Another time, a white man priest complained that the language of church had become too feminized, and it was a real turnoff to him and most men. I asked him for an example, and he cited the common use of words like “relationship” and “love.” When I suggested that the language was more masculine than feminine, such as referring to all members of the Trinity with the words “he,” his,” and “him,” he said, “Oh those are just pronouns.”
More recently, there was a conversation on this subject among Episcopalians organized on LinkedIn. In responding to a challenge on this issue by a young white female priest, an older white male priest defended the use of male language for God, saying that traditionally wisdom and the Holy Spirit were understood to be the feminine divine. But when’s the last time you heard “She” used for the Holy Spirit in church?
The “God is male” belief that underlies the official liturgies of the Episcopal Church is at odds with the realities of living in America today. Ms. Slaughter had nothing to say about the role of religious institutions in perpetrating the status quo, but maybe that’s where the sexism problem really originates. Maybe underneath the “He-God” language is this unconscious belief: God has it all, God is male, ergo men can have it all. Because God is not female, women cannot have it all.
As one priest said, “If it’s not in our liturgy, it means that we don’t get it.” So, apparently we don’t get that God is not a male.
The Bible and the church’s other liturgical tools have a wealth of hope and wisdom to bring to today’s concerns, but these old treasures need to be combined with some new ones to be relevant in this time and place. As Jesus put it in Matthew 13:52: “Therefore every teacher of the law who has been instructed about the kingdom of heaven is like the owner of a house who brings out of his storeroom new treasures as well as old.”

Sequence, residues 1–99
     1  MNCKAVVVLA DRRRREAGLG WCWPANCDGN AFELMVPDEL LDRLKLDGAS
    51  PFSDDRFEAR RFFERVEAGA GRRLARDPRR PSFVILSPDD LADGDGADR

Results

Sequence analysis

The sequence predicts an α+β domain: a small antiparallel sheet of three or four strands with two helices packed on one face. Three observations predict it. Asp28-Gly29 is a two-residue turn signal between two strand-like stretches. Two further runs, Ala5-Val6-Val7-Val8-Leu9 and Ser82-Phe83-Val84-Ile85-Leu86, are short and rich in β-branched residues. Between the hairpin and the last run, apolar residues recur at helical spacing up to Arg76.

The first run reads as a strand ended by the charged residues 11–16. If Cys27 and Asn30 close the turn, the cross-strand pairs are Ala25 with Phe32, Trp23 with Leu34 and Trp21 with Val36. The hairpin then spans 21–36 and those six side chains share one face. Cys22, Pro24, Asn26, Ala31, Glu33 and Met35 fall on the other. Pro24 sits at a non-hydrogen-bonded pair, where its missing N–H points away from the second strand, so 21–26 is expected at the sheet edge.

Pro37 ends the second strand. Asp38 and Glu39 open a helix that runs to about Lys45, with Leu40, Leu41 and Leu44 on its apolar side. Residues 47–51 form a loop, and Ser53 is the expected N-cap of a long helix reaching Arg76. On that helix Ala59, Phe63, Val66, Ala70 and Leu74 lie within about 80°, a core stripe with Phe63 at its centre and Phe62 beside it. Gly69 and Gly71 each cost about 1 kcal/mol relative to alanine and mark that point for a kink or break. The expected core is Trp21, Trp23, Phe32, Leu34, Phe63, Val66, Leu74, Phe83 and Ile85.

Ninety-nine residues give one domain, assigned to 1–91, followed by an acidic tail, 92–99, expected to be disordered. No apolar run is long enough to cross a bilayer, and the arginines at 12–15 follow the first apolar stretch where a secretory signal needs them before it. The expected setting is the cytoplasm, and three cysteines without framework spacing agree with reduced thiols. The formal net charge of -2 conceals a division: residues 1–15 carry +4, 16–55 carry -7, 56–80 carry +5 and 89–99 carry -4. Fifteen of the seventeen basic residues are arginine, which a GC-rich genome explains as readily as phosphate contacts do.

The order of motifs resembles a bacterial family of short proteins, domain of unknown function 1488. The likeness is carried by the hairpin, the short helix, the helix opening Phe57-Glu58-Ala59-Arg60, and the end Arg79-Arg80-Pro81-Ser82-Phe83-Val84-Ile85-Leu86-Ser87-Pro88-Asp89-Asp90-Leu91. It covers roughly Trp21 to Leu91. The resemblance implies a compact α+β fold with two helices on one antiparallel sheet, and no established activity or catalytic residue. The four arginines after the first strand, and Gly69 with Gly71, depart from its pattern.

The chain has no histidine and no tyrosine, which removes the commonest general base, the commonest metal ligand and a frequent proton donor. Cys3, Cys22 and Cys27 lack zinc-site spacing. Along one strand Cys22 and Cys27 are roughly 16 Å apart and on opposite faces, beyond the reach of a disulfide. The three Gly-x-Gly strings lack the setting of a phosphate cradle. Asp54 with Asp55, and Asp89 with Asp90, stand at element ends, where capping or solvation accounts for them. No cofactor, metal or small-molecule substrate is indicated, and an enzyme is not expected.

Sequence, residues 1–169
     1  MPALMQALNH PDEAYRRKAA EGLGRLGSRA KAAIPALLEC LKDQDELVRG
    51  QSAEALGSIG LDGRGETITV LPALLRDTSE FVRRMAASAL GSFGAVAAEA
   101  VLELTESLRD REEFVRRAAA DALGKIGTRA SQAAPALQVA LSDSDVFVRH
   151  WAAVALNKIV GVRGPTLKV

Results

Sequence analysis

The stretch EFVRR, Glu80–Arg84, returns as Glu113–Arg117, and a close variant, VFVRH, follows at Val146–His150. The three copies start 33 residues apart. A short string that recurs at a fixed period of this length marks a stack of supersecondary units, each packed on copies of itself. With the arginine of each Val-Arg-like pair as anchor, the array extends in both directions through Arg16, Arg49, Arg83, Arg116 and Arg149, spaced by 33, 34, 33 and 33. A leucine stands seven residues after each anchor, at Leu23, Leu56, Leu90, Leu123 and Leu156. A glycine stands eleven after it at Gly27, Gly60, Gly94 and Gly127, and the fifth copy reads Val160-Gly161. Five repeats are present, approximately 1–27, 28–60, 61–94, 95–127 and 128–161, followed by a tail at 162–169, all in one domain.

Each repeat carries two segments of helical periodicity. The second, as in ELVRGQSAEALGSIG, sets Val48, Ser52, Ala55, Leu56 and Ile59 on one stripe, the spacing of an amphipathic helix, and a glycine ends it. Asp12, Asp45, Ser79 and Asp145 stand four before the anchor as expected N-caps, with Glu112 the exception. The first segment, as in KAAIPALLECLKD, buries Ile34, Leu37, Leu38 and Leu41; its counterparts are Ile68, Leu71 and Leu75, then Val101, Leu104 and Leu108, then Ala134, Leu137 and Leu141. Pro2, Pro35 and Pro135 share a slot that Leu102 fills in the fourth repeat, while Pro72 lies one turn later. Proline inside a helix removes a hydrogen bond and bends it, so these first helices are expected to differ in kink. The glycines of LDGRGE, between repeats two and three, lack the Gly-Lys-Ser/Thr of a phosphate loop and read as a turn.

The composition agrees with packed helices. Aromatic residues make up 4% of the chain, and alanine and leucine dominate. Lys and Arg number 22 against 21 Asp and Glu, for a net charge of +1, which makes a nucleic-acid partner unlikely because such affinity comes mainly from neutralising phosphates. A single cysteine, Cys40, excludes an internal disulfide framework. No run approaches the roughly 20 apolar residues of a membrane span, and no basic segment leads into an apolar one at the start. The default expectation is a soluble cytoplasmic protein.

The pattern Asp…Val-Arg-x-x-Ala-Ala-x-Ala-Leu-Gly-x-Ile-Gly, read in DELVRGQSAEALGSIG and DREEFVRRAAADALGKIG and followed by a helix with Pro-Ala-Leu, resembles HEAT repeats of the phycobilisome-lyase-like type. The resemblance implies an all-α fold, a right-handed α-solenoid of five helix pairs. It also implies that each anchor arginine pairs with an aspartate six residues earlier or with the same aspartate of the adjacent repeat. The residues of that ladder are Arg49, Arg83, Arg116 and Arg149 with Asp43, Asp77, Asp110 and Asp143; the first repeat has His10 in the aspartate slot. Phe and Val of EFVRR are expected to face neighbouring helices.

Here’s an old treasure from the storeroom: “There is neither Jew nor Greek, slave nor free, male nor female, for you are all one in Christ Jesus.” Galatians 3:28
And here’s a new, modern treasure: God has it all, but God is not a male. Ditto for Christ and the Holy Spirit. Men and women cannot have it all, but the Trinity can.
It’s time we reconsider our language for God, and be open to fresh new ways to describe the indescribable to provide meaningful worship for all generations — and survive as an institution.
Then one day, a visionary article like Ms. Slaughter’s might mention the Episcopal Church as a model for integrating family values and the pursuit of happiness into institutional policies and culture. And one day, we just might be ready to discuss the Z chromosome (and other evolutionary tricks that God might have up Her/His/Its sleeve) at coffee hour with the next generation. And God willing, God will finally say, “These people honor me with their lips and their hearts are very near to me.”
– Phyllis Strupp is the author of Church Publishing’s Faith and Nature curriculum and the author of The Richest of Fare: Seeking Spiritual Security in the Sonoran Desert.